Seasoned vs Enameled: How to Choose?
A question from the FAQ files: should I buy a Seasoned Dutch Oven or an Enameled one?
There's no wrong answer! Let's get into it.
Enameled Dutch Ovens
The porcelain enamel on our Dutch oven is a durable glass and clay coating, bonded to a cast iron core in a high temperature kiln.
The more matte an enamel finish is, the better suited it is for searing proteins. We've developed a "semi-gloss" finish as a good midpoint between a matte (rougher) finish for performance and a gloss (glassy) finish for ease of cleaning. The matte finish is also chip and scratch resistant.
Why might you want an enameled Dutch oven over a seasoned finish?
Our enameled Dutch oven can be cleaned with soap and water and requires no special treatment to keep it looking good.
A non-reactive finish
Our enameled finish is acid resistant and non-reactive, meaning that you can cook anything in it without worrying about damage to the finish. Seasoned cast iron can sometimes tinge acidic foods, like tomatoes, with a metallic taste. (More on this below.)
You need something versatile
Do you love to make soup? You need an enameled Dutch oven. Boiling water in a seasoned pot can pull up the oil-cured finish. If you have limited storage space in your kitchen, an enameled Dutch oven can pull double-duty as your stock/pasta/canning pot.
Ok, that all sounds good. What is the benefit of a seasoned Dutch oven?
It's naturally non-stick
Like your favorite cast iron skillet, seasoning on a Dutch oven builds to a reliable nonstick cook surface with use. You do, however, need to follow specific (but easy!) maintenance steps to keep it looking good and performing well.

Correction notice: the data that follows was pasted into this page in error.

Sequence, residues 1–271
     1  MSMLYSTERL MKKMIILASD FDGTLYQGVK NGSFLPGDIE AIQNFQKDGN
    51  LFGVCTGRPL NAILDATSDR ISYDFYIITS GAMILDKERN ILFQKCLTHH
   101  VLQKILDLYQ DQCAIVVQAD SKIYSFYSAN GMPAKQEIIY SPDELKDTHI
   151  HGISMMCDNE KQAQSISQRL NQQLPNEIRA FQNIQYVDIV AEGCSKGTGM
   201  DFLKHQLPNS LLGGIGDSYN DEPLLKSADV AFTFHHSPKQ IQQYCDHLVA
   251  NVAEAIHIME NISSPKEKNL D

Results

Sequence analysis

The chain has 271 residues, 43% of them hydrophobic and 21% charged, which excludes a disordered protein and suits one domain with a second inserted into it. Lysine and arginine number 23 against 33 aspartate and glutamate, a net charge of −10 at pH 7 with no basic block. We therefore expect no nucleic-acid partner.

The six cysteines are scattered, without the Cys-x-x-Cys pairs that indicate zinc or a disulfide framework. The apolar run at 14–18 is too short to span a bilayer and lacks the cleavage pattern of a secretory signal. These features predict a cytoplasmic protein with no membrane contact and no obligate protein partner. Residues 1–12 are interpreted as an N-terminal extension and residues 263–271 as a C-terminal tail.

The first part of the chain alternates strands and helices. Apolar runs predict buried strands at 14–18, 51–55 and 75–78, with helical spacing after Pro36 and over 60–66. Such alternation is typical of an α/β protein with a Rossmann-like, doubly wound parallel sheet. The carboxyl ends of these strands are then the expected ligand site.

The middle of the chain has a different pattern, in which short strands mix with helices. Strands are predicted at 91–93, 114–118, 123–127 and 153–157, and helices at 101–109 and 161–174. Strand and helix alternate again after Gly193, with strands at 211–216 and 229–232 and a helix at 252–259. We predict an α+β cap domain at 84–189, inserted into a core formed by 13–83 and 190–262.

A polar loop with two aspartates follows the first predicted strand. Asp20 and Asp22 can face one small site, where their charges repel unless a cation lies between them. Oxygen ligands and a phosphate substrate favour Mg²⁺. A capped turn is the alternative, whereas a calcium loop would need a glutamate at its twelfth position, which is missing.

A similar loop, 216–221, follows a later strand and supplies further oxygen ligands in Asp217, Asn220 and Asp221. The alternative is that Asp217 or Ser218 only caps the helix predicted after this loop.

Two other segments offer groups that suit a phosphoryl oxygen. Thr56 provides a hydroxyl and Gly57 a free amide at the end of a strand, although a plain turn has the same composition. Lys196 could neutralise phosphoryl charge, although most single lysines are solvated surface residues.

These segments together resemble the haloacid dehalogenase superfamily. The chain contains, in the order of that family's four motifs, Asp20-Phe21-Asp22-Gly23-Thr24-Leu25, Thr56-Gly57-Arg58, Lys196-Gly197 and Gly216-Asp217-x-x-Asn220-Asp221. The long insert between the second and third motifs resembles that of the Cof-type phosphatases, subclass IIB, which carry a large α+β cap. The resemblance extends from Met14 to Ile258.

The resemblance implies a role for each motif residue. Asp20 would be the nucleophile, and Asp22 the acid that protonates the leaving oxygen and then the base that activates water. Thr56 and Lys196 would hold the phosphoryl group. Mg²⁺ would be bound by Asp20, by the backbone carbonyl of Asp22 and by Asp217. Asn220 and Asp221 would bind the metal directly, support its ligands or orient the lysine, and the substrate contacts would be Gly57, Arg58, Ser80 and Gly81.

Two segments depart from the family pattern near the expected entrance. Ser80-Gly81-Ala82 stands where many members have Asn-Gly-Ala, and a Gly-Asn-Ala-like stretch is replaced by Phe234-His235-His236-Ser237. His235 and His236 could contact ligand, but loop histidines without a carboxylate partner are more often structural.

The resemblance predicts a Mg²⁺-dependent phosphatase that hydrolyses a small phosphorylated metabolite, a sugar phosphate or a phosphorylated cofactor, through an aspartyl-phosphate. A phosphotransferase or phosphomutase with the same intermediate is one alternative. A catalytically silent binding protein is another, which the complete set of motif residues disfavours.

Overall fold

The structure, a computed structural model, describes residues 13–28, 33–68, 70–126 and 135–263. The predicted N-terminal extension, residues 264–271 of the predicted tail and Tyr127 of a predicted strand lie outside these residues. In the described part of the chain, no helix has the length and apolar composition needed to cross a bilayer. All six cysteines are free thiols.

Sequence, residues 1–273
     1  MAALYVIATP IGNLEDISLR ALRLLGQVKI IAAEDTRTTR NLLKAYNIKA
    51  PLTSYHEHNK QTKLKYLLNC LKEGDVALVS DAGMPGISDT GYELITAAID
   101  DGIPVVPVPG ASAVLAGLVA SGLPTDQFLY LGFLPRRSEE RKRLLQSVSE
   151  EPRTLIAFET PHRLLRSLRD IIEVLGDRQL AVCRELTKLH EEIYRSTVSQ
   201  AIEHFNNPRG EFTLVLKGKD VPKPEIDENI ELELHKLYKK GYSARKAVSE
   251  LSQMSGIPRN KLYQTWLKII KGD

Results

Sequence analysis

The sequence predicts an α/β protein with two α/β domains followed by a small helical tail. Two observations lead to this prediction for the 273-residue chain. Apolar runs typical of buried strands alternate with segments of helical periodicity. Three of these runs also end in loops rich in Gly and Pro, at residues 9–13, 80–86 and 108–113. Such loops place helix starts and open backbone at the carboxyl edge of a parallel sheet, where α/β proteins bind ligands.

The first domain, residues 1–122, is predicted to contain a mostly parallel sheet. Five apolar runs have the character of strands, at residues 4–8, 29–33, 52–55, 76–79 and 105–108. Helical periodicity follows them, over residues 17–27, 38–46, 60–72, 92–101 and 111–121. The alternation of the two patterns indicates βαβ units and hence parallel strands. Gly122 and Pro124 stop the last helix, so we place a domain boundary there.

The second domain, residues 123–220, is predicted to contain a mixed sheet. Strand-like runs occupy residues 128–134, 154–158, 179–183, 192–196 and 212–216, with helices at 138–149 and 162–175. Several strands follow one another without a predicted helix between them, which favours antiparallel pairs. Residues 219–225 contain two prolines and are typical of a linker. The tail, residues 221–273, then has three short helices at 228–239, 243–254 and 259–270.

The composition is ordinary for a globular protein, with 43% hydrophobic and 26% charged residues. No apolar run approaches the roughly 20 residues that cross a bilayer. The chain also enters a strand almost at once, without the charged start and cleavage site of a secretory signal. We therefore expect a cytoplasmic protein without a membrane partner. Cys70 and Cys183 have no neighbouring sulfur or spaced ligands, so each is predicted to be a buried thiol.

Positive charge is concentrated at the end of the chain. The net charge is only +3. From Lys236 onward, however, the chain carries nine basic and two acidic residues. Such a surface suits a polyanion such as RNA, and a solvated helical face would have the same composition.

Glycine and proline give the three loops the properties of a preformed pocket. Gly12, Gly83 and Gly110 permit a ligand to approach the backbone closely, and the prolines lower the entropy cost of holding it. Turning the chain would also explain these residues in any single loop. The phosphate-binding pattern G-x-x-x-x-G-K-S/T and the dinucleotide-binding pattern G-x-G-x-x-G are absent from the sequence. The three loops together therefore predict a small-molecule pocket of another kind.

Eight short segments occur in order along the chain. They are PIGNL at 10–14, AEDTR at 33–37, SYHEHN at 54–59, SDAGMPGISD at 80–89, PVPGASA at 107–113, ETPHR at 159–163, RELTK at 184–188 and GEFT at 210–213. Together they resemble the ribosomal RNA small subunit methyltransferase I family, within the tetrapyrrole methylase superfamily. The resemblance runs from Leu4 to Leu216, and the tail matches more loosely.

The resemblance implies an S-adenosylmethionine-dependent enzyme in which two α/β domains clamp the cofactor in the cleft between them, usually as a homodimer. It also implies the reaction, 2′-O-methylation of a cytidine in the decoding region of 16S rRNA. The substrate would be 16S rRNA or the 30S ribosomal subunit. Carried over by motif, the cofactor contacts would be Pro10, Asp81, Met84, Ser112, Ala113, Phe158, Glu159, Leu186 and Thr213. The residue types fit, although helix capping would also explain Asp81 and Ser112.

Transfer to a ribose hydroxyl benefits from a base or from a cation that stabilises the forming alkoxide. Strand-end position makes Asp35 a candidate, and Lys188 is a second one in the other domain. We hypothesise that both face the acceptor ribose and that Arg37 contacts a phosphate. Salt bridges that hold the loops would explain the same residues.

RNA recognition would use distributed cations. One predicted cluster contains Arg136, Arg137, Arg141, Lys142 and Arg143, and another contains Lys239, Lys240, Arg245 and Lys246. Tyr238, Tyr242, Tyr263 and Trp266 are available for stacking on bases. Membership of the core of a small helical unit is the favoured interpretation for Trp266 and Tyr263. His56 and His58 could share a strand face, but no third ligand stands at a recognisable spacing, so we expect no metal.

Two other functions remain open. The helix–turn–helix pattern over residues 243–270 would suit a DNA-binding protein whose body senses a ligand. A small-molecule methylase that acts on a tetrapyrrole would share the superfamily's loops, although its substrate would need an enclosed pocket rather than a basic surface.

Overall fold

They are indestructible!
There's nothing you can do to this pot to damage it - knock it around, throw it in the car for a camping trip, it'll always look good as new. Our porcelain enamel is durable, but chipping is possible with rough use.
Open fire cooking
Campfire cooking can be unpredictable. Enamel, like all glass, is subject to thermal shock, and can crack if exposed to extreme temperature swings. The thick walls and heavy lid on our Seasoned Dutch oven maintain a steady temperature in a fire's uneven heat.
What about cooking with acids?
It's true that enameled cast iron is acid resistant, but a healthy seasoning layer in your Dutch oven is almost as protective. America's Test Kitchen found that a pot of simmering tomato sauce didn't degrade the seasoning for 30 minutes, meaning those tomatoes mixed into your chili are going to be just fine. The only thing we've ever had an issue with at home was baked lemons - oops!
Cast iron cooking raises iron levels.
You are a bread-making virtuoso.
Serious bakers sometimes prefer seasoned cast iron for its ability to take on a flavor profile over years of singular use. Both finishes are great for home cooks and either Dutch oven makes excellent bread.
Still have questions? Send us a note at email@example.com and we can help you decide!